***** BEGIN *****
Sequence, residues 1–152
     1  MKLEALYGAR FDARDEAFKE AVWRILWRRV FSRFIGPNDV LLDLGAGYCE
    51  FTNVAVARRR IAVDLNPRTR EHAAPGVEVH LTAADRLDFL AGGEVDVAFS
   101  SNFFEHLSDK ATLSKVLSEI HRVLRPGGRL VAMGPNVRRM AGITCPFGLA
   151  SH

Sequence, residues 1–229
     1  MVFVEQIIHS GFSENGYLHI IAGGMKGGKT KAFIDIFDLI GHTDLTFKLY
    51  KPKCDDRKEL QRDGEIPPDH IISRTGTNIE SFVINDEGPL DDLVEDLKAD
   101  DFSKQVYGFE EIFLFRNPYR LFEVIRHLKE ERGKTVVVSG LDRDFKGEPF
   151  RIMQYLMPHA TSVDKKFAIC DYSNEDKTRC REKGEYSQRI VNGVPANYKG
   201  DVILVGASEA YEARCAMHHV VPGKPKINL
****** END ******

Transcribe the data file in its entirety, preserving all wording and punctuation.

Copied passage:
Sequence, residues 1–152
     1  MKLEALYGAR FDARDEAFKE AVWRILWRRV FSRFIGPNDV LLDLGAGYCE
    51  FTNVAVARRR IAVDLNPRTR EHAAPGVEVH LTAADRLDFL AGGEVDVAFS
   101  SNFFEHLSDK ATLSKVLSEI HRVLRPGGRL VAMGPNVRRM AGITCPFGLA
   151  SH

Sequence, residues 1–229
     1  MVFVEQIIHS GFSENGYLHI IAGGMKGGKT KAFIDIFDLI GHTDLTFKLY
    51  KPKCDDRKEL QRDGEIPPDH IISRTGTNIE SFVINDEGPL DDLVEDLKAD
   101  DFSKQVYGFE EIFLFRNPYR LFEVIRHLKE ERGKTVVVSG LDRDFKGEPF
   151  RIMQYLMPHA TSVDKKFAIC DYSNEDKTRC REKGEYSQRI VNGVPANYKG
   201  DVILVGASEA YEARCAMHHV VPGKPKINL